Hiking, scrambling, rock climbing, alpine skiing, rafting, cliff jumping & many more
Coliseum is one of the peaks visible from Metro Vancouver, it sits on the North Shore between Seymour and Grouse mountains, a little further back behind Lynn Peak. With our three kids we made an attempt to summit it on a hot summer Sunday of June 25, 2017. However, due to an extraordinary amount of snow in the mountains it was still winter up there. We came close to the summit, within 200 meters, but we had to turn back because we ran out of time.
We started the hike at the Lower Seymour Conservation Reserve at 7 a.m.
After two kilometers the trail brings us to Lynn Headwaters Regional Park’s trailhead where we register as hikers.
The trail then follows Lynn Creek. There are remnants of the old mill equipment on the way.
Bridges over small streams.
After four kilometers from the trailhead the trail moves away from the creek and starts gaining elevation at a gentle incline.
Trail quality gradually deteriorates, bridges disappear.
At the end of the main trail there are Norvan Falls, and most people turn around here.
A short rest.
The trail becomes steep, rugged, and officially still closed for the winter due to snow above.
Time to change from sneakers into mountaineering boots.
More creekbed crossings on the way.
Snow patches start at 750m elevation making our travel considerably slower right away.
Trail surface disappears under easily collapsing thin snow bridges.
It is difficult to follow proper trail as markings are hard to find.
Avalanche field between Coliseum and Needles.
More creek crossings. Water level is low enough to easily cross by stepping on rocks.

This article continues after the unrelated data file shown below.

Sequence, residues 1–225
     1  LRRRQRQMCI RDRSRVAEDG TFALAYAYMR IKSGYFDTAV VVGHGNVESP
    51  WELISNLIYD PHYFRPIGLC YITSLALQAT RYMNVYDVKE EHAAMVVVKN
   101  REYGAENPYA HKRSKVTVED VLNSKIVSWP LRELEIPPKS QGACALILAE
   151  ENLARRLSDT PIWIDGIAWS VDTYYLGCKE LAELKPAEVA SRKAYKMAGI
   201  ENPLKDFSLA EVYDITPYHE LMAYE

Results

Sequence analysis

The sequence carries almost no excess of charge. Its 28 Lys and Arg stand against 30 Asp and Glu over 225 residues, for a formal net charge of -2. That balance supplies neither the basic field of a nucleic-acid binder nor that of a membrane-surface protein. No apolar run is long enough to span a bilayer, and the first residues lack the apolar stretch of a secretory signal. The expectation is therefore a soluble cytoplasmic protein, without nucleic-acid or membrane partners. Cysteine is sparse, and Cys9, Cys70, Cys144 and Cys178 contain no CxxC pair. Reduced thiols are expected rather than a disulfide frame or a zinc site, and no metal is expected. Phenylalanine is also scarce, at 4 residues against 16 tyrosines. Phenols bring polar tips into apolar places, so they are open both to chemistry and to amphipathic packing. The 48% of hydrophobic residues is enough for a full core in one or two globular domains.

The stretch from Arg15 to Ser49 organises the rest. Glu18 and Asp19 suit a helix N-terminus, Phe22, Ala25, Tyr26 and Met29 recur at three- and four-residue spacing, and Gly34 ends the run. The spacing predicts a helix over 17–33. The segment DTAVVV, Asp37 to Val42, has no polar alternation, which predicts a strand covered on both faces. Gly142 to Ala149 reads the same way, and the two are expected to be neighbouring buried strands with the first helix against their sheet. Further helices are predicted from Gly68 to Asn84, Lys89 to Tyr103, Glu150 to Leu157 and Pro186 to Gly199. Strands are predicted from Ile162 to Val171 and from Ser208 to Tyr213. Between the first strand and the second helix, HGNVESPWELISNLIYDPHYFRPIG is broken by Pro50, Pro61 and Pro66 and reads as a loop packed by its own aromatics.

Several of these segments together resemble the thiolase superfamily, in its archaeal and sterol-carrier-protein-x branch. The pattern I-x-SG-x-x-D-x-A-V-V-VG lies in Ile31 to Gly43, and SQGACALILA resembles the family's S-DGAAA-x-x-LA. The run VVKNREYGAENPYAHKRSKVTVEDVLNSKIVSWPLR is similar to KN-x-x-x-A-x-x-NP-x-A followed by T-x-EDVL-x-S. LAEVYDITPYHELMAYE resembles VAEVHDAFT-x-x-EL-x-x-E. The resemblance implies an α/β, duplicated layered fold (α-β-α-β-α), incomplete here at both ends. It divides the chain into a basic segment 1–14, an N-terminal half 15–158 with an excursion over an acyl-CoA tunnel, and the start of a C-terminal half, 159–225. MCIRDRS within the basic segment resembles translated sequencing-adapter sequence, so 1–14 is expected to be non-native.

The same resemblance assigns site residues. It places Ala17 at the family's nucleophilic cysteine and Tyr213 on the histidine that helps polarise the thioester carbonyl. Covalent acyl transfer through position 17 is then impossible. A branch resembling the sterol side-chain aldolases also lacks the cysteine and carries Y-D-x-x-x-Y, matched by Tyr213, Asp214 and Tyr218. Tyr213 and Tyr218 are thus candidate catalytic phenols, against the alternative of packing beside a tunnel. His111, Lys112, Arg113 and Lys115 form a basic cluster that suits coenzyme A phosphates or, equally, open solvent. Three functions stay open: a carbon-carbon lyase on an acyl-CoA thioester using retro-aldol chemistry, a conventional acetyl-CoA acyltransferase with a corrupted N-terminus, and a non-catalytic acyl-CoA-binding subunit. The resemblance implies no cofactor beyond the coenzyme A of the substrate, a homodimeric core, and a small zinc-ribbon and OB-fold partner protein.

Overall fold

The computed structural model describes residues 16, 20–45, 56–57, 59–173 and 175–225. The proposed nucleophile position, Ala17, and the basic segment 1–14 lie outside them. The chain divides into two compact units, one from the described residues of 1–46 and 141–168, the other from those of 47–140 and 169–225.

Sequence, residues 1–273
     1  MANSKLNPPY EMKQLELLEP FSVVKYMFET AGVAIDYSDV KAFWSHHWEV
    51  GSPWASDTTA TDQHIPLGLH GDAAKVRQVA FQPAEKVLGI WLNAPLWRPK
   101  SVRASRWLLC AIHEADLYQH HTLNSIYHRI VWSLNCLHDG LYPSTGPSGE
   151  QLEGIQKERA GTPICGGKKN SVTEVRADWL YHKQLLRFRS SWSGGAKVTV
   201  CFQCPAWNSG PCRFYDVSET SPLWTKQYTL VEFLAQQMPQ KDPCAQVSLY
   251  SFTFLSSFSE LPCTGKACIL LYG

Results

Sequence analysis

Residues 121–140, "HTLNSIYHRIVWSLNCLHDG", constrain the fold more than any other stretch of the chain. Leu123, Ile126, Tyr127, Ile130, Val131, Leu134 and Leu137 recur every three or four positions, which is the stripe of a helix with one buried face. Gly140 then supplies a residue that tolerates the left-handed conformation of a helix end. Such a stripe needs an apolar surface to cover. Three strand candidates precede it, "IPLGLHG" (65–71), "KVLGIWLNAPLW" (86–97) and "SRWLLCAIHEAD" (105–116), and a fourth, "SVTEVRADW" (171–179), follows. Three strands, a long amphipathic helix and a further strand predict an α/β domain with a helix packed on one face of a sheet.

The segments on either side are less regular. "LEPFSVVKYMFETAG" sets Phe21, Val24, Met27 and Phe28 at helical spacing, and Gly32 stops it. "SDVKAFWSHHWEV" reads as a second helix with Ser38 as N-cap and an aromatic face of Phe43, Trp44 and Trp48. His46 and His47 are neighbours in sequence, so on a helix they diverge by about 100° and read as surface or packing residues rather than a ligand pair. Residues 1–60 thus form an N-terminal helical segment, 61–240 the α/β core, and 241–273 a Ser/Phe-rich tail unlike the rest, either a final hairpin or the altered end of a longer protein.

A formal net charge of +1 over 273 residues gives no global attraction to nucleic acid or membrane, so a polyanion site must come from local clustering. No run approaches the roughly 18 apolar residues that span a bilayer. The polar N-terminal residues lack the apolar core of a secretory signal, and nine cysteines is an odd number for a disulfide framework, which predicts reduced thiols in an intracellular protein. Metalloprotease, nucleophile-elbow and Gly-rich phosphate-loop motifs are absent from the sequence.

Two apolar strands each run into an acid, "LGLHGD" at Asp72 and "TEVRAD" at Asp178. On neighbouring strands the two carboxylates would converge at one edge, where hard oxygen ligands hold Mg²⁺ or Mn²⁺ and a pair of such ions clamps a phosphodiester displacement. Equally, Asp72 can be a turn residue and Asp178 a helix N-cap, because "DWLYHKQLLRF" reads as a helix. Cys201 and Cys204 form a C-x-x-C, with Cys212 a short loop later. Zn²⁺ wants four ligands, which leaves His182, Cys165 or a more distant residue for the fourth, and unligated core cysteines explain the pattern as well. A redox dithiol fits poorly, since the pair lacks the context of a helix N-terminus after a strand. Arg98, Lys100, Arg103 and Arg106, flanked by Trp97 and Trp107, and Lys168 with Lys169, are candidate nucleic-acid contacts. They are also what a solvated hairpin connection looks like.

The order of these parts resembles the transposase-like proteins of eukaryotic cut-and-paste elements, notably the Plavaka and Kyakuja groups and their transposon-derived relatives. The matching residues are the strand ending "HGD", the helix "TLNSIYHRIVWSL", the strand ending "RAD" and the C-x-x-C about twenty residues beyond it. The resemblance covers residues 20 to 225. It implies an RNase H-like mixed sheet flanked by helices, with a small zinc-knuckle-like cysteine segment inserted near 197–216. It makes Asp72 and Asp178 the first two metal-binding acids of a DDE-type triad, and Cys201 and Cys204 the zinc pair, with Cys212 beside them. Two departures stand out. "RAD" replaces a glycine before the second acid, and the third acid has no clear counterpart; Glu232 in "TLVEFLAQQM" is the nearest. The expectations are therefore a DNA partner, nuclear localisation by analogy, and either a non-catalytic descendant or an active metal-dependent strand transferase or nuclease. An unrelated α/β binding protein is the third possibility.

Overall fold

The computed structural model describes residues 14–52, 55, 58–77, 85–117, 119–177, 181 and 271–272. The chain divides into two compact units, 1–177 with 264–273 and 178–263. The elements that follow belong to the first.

The trail is hard to see, but it’s there.
We put on crampons to negotiate the steep snow covered ridge.
Some scrambling sections. We have to take off ice crampons.
Summit is within sight, but we are out of time.
This is how close we got to the summit of Coliseum – it was only 200 meters away, but were past our turnaround time and had to hurry back to make it to the car and out of the park before the gate closed at 9 p.m.
Our boys are heroes!
On the way back down.
Filling up the filter bottle.
Steep slopes covered with hard snow.
Usually, descent would be 1.5-2 times faster than ascent, but not on this steep and rugged trail lavishly covered with tree fall, debris, creeks and collapsing snow bridges.
Crossing the creeks on the way back became much harder due to higher water level from melting snow in the afternoon.
We were back at the car by 9 p.m. tired after 14 hours of hiking. Lesson learned – wait for the snow to melt if you want to achieve the summit and enjoy the hike. The best time to do this hike is in August or September, or at least when the trail is officially open for the summer hiking season.
We did Crown mountain hike a year ago with a normal 8-9 hours turnaround time, including at least half an hour on the summit, which led us to believe that we could do Coliseum hike within 8-9 return time, as it is considered less technical than Crown mountain. Winter conditions made Coliseum more challenging than Crown mountain trail.
We will certainly come back another time, when the snow melts, to bag both Coliseum and Mount Burwell peaks.